By Jason Stuart
Ranger-Review Staff Writer
The Montana Department of Public Health and Human Services and Lt. Gov. Mike Cooney celebrated Montana’s centenarians on Tuesday at the 49th Governor’s Conference on Aging held at the Eastern Plains Events Center in Glendive.
In brief remarks before the large crowd assembled for Tuesday’s luncheon to honor the state’s centenarians, Cooney — filling in for Gov. Steve Bullock, who was tied up touring wildfires in Western Montana with federal officials — noted how much times and the state have changed in the century or more that Montana’s centenarians have been alive.
“Each of our centenarians have such amazing stories and I’m glad to be here today to honor them,” Cooney said. “It’s amazing to think of all the changes our centenarians have witnessed in the past century or more.”
Reaching back exactly 100 years to 1917, Cooney, a University of Montana graduate, jokingly noted the Grizzlies had a very poor football season that year, inviting Montana State fans to revel in that fact.
“If you’re a Montana Grizzly, I have some bad news, in 1917, the Griz finished with a record of one win and four losses ... if you’re a Bobcat fan you can cheer,” Cooney said, which did draw some hoots from MSU fans in the audience.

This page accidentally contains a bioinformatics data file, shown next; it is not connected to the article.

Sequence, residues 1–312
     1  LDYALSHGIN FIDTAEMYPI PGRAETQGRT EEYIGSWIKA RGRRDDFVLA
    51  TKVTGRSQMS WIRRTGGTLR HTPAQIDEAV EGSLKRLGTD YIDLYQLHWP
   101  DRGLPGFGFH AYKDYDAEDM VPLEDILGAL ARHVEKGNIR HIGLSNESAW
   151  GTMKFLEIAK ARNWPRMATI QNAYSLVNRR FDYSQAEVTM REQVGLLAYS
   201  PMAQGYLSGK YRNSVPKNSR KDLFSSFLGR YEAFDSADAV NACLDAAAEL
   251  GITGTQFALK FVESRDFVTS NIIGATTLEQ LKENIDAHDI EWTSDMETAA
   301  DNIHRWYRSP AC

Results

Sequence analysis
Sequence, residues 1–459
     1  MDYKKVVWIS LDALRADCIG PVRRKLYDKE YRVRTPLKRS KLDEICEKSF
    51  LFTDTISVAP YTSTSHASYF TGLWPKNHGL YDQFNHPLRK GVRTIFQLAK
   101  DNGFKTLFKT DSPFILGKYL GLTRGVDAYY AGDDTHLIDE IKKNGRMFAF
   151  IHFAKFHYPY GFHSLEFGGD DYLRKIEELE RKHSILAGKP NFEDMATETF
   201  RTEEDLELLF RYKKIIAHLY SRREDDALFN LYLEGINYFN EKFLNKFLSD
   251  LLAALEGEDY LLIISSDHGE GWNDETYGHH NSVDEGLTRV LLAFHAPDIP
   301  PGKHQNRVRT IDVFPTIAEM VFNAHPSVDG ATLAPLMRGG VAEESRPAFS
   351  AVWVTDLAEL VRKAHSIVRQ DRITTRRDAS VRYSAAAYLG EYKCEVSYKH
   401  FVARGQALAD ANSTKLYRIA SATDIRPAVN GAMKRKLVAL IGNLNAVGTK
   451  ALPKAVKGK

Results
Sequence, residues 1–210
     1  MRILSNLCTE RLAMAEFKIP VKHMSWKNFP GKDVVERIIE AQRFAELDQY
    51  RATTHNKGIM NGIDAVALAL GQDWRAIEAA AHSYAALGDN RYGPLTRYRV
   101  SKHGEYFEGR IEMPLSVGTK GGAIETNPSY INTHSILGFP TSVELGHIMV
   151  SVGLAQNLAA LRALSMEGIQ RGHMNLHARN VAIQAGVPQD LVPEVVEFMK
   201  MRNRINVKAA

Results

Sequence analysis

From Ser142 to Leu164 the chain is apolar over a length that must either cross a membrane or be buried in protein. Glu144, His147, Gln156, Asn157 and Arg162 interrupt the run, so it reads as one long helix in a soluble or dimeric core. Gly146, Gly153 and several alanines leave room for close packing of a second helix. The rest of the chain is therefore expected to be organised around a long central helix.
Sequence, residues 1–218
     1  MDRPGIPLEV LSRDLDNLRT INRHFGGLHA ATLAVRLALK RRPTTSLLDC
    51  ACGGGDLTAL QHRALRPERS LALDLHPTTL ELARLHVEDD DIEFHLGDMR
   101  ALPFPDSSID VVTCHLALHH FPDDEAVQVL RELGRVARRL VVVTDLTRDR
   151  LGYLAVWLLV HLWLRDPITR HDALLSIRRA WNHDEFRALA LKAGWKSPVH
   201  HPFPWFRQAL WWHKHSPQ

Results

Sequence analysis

Cooney also further noted that Montana’s first congresswoman began serving in 1917 — a time before women even had the right to vote — and that the census estimate for that year counted just over 468,000 people in the state.
Moving beyond the past to the present, Cooney acknowledged the “difficult budget situation” the state is currently in, with additional major cuts to DPHHS looming, alluding to how the governor and state lawmakers may have some work to do to ensure those cuts don’t negatively affect Montana’s seniors to a serious degree.
“Each of these memories provide a great moment in history, but now as many of you know we are facing some tough times in our state,” Cooney said.
He vowed that he, Bullock and the rest of the governor’s administration would work closely with lawmakers from both sides of the aisle to make sure whatever tough funding decisions must be made they wouldn’t place an undue burden on seniors or too severely curtail the state’s ability to provide essential services to the elderly.
“It’s important that we understand and recognize that our seniors are a vulnerable population,” Cooney said. “It’s amazing how many issues we must keep in mind as our loved ones age.”
Following his brief remarks, Cooney presented plaques to each of the four centenarians from Eastern Montana who attended the event, who were Roselyn Lueck, 100, of Sidney; Irene Moore, 101, of Culbertson; Emma Schaubel, 100, of Miles City; and Frances Sunwall, 100, of Fairview.
Cooney noted that DPHHS currently has 119 people listed as turning 100 or being over 100 years old in 2017. The absolute oldest people alive in the state are 108 years old, of which there are two of them. There are also two documented 107-year-olds, three people who are 106 and eight who have reached 105.
Reach Jason Stuart at firstname.lastname@example.org.